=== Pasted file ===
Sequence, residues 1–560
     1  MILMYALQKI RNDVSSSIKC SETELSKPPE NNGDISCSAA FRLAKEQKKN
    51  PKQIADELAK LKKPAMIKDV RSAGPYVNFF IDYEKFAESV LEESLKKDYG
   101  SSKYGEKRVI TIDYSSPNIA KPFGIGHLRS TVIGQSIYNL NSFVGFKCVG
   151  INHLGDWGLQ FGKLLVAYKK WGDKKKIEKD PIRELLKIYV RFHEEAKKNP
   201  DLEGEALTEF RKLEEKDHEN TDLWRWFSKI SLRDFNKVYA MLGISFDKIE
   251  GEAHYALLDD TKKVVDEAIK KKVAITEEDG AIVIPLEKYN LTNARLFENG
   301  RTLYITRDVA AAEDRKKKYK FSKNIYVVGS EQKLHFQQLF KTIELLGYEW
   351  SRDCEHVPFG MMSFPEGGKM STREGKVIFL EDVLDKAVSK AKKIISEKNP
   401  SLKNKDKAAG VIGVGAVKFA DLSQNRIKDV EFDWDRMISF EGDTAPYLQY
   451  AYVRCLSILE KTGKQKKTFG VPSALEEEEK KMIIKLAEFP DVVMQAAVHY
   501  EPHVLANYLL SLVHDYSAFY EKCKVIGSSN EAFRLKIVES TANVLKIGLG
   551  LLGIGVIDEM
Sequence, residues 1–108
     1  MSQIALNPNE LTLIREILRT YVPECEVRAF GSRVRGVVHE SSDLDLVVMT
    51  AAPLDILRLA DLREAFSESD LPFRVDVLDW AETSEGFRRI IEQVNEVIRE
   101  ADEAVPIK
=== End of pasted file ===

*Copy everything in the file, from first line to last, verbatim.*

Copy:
Sequence, residues 1–560
     1  MILMYALQKI RNDVSSSIKC SETELSKPPE NNGDISCSAA FRLAKEQKKN
    51  PKQIADELAK LKKPAMIKDV RSAGPYVNFF IDYEKFAESV LEESLKKDYG
   101  SSKYGEKRVI TIDYSSPNIA KPFGIGHLRS TVIGQSIYNL NSFVGFKCVG
   151  INHLGDWGLQ FGKLLVAYKK WGDKKKIEKD PIRELLKIYV RFHEEAKKNP
   201  DLEGEALTEF RKLEEKDHEN TDLWRWFSKI SLRDFNKVYA MLGISFDKIE
   251  GEAHYALLDD TKKVVDEAIK KKVAITEEDG AIVIPLEKYN LTNARLFENG
   301  RTLYITRDVA AAEDRKKKYK FSKNIYVVGS EQKLHFQQLF KTIELLGYEW
   351  SRDCEHVPFG MMSFPEGGKM STREGKVIFL EDVLDKAVSK AKKIISEKNP
   401  SLKNKDKAAG VIGVGAVKFA DLSQNRIKDV EFDWDRMISF EGDTAPYLQY
   451  AYVRCLSILE KTGKQKKTFG VPSALEEEEK KMIIKLAEFP DVVMQAAVHY
   501  EPHVLANYLL SLVHDYSAFY EKCKVIGSSN EAFRLKIVES TANVLKIGLG
   551  LLGIGVIDEM
Sequence, residues 1–108
     1  MSQIALNPNE LTLIREILRT YVPECEVRAF GSRVRGVVHE SSDLDLVVMT
    51  AAPLDILRLA DLREAFSESD LPFRVDVLDW AETSEGFRRI IEQVNEVIRE
   101  ADEAVPIK